Tuesday, 4 July 2017

The memory trick that will change your revision forever...

When revising for CIMA exams, memory power is very important. In many ways, exams are like sophisticated memory tests – if you can remember all the material from the CIMA syllabus and apply it correctly in your CIMA exams, you are on the path to success! 

The following technique will help you to unleash your full memory potential, including the power to remember everything you need for your CIMA exams! 

To master memory, we must first understand how it works. There are three different kinds of memory: sensory, long-term and short-term. Sensory memory is when things are stored for less than a second in our brains and then discarded because we don’t need them – this is what happens to the majority of information we intake every day. 

Short-term memory stores information for a little longer than sensory memory – it is also known as ‘working memory’ because it holds thoughts while you’re using them, like a notepad. From here memories are either dismissed, or transferred to long-term memory.

The goal of revising for CIMA exams is to transfer information from your short-term memory to your long-term memory!

There are many different techniques for remembering information, which help this long-term storage become more solidified. Common revision methods, which I’m sure you’ve come across in your CIMA studies, include re-writing notes, highlighting text or even watching tuition videos. These are all successful methods, particularly when combined with products such as our mock exams!

However, one of the oldest and most respected methods of comprehensive remembering is referred to as the method of loci, or the ‘memory palace’ technique. This trick, practiced by the Greeks and Romans, involves envisioning a building and ‘hiding’ the things you wish to remember in different parts of that building.

How does it work? Well, let’s say you need to remember the names of the different subsidiary bodies of the IFRS Foundation – the Interpretations Committee, The Advisory Council and the IASB – for one of your CIMA exams. 

To use the technique, imagine your house or another building you know well. Then ‘walk’ through this place in your head and assign the names of the different IFRS bodies to different areas in the building. When you imagine yourself walking through this location next time, you will remember the bodies of the IFRS Foundation as you pass the different areas of the building.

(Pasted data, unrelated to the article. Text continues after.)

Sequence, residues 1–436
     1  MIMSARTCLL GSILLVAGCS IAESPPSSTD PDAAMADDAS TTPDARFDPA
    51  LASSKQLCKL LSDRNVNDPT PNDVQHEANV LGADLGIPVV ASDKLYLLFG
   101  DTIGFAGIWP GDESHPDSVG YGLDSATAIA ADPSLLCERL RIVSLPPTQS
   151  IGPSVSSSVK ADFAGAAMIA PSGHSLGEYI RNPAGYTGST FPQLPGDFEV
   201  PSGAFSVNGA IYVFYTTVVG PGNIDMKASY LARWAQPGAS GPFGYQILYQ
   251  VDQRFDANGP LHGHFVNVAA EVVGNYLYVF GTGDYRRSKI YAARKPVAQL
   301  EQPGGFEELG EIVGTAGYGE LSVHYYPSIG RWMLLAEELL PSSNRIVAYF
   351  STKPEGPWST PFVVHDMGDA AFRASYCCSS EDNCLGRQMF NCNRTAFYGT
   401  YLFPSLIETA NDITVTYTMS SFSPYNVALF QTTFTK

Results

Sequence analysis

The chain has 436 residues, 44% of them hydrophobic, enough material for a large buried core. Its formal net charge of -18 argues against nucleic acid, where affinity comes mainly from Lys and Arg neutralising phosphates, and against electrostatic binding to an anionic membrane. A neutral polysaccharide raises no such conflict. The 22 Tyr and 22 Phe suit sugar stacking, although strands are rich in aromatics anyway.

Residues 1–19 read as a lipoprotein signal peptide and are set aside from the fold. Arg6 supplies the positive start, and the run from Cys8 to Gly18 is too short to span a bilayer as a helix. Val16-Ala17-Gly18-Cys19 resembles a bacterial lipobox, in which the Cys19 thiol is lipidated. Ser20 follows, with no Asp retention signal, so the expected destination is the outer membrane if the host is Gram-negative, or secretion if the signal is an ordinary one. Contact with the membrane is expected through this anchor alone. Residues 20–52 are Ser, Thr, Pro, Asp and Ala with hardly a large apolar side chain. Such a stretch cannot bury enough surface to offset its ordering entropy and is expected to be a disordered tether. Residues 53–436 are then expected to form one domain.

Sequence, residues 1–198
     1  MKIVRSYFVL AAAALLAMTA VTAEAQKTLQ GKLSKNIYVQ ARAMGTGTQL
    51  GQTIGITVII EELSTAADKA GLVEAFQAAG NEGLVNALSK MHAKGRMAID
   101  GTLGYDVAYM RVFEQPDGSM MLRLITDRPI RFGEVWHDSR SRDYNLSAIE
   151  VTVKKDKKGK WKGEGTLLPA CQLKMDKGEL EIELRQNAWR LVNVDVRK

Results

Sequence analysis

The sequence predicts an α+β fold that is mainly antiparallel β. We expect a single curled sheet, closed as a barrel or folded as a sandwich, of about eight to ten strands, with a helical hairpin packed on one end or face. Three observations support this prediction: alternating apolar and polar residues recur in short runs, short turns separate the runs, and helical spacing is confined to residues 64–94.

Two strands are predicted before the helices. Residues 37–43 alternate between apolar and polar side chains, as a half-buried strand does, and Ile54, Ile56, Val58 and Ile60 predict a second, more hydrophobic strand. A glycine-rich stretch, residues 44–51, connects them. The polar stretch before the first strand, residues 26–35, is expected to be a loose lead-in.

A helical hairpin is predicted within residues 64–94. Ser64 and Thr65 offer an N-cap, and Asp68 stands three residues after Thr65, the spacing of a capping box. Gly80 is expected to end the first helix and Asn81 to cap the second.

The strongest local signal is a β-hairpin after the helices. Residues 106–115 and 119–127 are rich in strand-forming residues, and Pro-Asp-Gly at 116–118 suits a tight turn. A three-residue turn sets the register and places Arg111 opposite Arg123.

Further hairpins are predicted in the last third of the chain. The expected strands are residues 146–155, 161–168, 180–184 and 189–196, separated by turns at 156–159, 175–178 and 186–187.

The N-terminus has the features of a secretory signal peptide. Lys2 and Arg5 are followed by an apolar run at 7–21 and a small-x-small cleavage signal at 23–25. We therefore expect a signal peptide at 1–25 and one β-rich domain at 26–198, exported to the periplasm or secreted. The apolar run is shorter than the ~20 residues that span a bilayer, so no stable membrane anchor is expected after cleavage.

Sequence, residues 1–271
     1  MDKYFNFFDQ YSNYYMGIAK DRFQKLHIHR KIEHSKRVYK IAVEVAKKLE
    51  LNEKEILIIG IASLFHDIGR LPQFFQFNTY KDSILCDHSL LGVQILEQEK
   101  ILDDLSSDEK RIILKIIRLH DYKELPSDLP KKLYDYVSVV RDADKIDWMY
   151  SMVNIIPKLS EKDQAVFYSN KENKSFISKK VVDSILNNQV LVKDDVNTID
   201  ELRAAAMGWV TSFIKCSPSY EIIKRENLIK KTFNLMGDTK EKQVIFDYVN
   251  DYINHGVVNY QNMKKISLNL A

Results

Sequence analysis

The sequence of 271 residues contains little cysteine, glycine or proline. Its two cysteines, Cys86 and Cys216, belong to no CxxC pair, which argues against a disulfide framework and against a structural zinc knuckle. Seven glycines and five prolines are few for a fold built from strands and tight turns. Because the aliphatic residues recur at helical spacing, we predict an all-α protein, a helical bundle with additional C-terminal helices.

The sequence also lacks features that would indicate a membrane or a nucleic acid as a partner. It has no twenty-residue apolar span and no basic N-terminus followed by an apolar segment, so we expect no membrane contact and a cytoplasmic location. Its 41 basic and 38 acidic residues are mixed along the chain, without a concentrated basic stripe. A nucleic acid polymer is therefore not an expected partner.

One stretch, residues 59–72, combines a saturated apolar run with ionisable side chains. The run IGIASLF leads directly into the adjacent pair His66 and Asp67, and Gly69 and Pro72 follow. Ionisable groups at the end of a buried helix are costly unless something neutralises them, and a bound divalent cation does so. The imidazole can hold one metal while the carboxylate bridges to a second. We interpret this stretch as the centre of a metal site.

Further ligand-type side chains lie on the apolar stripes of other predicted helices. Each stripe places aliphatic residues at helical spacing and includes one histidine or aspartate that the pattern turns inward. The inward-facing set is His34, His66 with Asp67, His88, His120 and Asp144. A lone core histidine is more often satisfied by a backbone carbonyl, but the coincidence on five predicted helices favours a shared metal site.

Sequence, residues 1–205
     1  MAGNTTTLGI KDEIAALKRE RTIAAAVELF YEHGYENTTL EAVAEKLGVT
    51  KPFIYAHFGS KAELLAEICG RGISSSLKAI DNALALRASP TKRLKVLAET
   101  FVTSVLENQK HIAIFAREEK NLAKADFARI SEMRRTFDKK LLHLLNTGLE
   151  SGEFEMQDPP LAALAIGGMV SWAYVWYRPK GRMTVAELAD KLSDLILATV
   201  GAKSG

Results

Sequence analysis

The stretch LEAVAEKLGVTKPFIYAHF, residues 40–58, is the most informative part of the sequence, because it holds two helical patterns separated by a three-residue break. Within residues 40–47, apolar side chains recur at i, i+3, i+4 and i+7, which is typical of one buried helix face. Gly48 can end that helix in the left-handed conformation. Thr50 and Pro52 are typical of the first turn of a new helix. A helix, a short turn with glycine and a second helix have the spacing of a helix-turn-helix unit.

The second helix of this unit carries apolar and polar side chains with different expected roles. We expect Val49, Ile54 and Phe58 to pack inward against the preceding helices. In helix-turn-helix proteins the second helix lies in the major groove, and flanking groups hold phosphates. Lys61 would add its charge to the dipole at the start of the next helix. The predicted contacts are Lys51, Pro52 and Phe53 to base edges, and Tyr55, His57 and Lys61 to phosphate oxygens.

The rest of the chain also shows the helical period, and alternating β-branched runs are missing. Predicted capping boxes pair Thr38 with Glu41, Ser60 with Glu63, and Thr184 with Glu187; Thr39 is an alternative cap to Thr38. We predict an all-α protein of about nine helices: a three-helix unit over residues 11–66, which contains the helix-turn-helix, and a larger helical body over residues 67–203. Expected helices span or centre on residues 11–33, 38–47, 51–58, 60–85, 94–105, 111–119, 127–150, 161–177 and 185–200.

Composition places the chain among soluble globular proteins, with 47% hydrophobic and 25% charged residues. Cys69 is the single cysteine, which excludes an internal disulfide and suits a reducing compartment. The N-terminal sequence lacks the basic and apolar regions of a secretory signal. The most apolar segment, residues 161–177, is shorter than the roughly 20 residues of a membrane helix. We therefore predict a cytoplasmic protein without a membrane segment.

The method works best if you can envision some sort of interaction between the location and what you are remembering. If you were trying to remember the name ‘Interpretations Committee’ by thinking of a bookcase, for example, you might imagine yourself picking up a dictionary to ‘interpret’ a word as you pass the bookcase.

Believe it or not, this memory technique produces incredible results. It is regularly cited as the method used by memory champions, including the current memory world champion, Alex Mullen, who earned his title after becoming the first person to memorize the order of a pack of cards in under 20 seconds! 

Extraordinary feats like that might seem impossible to you or I, but actually the human memory is a fascinating phenomenon and we all have the ability to recall vast amounts of information. Combining the memory palace technique with Astranti revision materials, you have the memory power to pass your CIMA exams several times over! All the information that you need to remember to pass your exams can be found in our free study texts.

For more revision tips and advice, like my page on Facebook and follow Astranti on Twitter. Until next time, good luck with your revision!

By Sapphire Plant

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